Whether donning a mask to venture out to meet her lone study buddy or rushing to grab food on a 15-minute break between online lectures, Western University first-year student Madison Francoeur always hears her father’s voice in her head, reminding her to stay cautious about COVID-19.
Her family spent the spring and summer staying away from others, she said. They bought groceries once every three weeks, and rare visits with her grandparents meant catching up from inside a parked car on their driveway.
Living communally in residence at Western’s London, Ont., campus this fall has definitely been a different type of challenge, Francoeur said, despite her medical sciences classes being held almost completely online.
“We’ve been told we should limit our contact to one person, one or two people,” she said, but when eight young women share a bathroom, it “kind of makes it very difficult.”
Public health messaging during the pandemic has generally been to stick to your household. But how this applies to post-secondary students living away from their families has been a more complicated issue, especially with the imminent winter break. Regulations aren’t always clear, say student leaders, with young people aching to return home often left to weigh risks on their own.
Francoeur, who speaks to her parents daily, is looking forward to reuniting with them for the holidays at the family’s Barrie, Ont. home, and her precautions have already begun.
Reviewing for her finals, coupled with the hours-long exams themselves, have kept her “confined” for about two weeks, she said. Francoeur believes she’s only left her dorm room to retrieve meals, take washroom breaks, study with a friend on her floor or take a short drive, when she needed a change of scenery.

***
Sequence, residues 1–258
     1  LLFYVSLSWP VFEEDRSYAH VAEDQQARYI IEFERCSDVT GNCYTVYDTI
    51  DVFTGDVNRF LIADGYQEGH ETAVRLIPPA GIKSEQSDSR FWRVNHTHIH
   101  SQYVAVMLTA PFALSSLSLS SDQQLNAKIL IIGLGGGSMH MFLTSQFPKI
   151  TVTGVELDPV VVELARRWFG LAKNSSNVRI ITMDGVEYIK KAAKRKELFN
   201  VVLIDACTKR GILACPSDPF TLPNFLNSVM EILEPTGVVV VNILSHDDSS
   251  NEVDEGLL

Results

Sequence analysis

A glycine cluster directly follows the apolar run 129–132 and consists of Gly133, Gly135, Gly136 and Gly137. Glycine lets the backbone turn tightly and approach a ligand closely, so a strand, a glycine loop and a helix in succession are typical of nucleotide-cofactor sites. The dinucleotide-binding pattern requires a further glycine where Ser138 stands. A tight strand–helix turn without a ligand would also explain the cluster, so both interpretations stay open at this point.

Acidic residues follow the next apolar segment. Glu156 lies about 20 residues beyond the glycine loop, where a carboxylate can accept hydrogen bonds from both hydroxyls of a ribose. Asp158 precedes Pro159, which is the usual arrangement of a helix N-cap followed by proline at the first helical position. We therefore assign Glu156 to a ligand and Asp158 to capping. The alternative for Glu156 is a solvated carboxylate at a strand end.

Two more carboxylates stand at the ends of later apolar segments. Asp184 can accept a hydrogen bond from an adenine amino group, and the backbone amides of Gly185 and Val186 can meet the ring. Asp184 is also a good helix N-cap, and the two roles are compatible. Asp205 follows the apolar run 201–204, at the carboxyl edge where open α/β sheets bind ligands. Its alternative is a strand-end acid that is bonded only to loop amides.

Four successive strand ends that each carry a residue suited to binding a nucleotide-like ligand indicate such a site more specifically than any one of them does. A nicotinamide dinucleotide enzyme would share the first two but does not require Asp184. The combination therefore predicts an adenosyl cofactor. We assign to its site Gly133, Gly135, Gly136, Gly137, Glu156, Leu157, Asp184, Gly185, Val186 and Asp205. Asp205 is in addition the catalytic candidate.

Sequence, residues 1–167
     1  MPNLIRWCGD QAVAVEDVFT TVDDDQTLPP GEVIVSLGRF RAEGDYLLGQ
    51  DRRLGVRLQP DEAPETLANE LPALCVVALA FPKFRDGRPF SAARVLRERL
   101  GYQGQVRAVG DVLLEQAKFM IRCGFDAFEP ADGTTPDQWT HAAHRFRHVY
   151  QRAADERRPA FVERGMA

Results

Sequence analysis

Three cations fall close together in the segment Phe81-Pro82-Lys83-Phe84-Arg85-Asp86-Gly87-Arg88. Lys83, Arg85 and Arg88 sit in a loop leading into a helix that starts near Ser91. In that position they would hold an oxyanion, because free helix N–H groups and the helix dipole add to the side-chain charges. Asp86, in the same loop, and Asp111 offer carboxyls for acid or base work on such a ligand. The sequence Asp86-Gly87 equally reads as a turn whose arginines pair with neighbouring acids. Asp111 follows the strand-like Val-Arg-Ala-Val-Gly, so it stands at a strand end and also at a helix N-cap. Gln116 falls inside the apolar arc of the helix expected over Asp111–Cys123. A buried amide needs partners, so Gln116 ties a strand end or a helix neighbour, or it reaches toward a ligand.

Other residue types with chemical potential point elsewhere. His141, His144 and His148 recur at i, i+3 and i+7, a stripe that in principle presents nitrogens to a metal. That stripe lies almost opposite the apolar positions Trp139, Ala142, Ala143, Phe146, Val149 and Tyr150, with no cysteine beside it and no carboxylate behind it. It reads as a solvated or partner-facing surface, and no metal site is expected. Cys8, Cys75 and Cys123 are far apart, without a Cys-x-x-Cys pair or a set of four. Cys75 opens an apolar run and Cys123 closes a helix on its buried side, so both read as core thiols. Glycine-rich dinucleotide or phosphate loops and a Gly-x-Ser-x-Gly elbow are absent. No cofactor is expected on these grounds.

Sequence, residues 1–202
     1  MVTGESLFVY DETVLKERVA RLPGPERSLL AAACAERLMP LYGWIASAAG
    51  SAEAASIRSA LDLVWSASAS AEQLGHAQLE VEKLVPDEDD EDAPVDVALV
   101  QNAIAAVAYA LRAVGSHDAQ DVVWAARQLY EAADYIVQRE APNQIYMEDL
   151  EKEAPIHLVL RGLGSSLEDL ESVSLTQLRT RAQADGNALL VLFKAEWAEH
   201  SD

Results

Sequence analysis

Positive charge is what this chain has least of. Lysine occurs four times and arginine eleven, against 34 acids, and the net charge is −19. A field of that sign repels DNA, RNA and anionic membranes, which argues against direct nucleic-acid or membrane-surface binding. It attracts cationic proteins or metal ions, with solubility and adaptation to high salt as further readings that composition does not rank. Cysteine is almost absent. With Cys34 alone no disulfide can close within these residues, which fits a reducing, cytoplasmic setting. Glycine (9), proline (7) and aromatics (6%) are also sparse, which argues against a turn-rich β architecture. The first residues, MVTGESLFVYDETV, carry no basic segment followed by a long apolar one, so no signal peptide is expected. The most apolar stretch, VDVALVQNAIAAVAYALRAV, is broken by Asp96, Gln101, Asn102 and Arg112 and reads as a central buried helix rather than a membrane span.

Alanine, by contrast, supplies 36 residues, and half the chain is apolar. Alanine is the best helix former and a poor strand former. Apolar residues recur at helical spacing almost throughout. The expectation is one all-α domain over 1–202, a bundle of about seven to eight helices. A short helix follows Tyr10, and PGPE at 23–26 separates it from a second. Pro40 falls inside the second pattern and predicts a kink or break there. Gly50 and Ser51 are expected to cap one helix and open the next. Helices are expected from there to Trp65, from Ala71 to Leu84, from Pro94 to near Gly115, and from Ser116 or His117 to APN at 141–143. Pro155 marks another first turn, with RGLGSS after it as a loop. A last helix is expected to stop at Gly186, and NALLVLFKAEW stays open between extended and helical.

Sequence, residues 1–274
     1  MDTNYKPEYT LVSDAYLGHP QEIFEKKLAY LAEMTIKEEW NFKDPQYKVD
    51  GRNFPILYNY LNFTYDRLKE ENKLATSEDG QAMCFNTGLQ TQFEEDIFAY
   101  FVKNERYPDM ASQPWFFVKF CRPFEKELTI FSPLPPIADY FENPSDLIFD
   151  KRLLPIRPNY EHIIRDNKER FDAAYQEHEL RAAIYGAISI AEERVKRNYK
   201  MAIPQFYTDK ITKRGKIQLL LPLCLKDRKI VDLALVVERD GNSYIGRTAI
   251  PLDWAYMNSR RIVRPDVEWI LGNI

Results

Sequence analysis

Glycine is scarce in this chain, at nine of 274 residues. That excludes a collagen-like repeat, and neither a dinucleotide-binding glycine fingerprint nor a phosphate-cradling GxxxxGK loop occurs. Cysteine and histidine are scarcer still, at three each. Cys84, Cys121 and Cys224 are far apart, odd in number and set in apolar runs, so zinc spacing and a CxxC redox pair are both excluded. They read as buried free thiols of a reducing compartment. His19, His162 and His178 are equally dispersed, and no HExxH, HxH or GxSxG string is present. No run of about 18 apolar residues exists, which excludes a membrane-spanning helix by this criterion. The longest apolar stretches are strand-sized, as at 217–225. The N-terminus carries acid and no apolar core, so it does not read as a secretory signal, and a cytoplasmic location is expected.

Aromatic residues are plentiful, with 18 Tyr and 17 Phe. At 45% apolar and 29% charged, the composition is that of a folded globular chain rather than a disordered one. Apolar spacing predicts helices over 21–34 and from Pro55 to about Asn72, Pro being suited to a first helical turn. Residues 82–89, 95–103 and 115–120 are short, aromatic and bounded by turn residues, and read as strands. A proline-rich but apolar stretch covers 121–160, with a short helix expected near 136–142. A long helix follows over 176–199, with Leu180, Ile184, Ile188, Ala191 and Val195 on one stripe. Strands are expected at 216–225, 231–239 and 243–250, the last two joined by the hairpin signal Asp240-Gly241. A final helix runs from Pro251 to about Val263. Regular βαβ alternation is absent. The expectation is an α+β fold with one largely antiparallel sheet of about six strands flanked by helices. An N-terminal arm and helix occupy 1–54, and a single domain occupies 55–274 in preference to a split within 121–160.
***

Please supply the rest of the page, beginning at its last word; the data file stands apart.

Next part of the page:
“My parents definitely want me to come home because I’ve always spent Christmas holidays at home,” she said. “But they’ve definitely [said] ‘Be cautious before you come home.'”
Going home game plan
“A lot of students are unclear about what’s expected of them…. We haven’t necessarily seen a lot of clear policy from provincial governments about what’s expected of students at this time,” said Bryn de Chastelain, chair of the Canadian Alliance of Student Associations and president of the St. Mary’s University Students’ Association in Halifax.
“Trying to limit non-essential travel and trying to make sure that we’re following rules correctly, it’s been challenging for students who … very much would like to be able to travel and go home.”
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For his part, de Chastelain is trying to determine if he can safely make the trek from Halifax to his hometown of Georgetown, Ont., to spend time with his family and recharge for next term.
He said he feels he’s got some basics covered: staying in with his roommates and only leaving their house when absolutely necessary. En route to Ontario, he would stay masked and make frequent use of hand sanitizer. After arriving, de Chastelain said he plans to hang out with his immediate family and not venture elsewhere — no joining in on errands, grocery runs or visiting others.
Yet there’s a wrinkle in his plan: He must find somewhere completely separate from his housemates to spend a 14-day isolation period upon return — a stricter requirement introduced by the Nova Scotia government in early November.
“I was planning on going home, coming back and isolating in my room. But now the added complication is trying to find either a hotel or an Airbnb or some other form of accommodation. There’s obviously a significant cost associated with that.”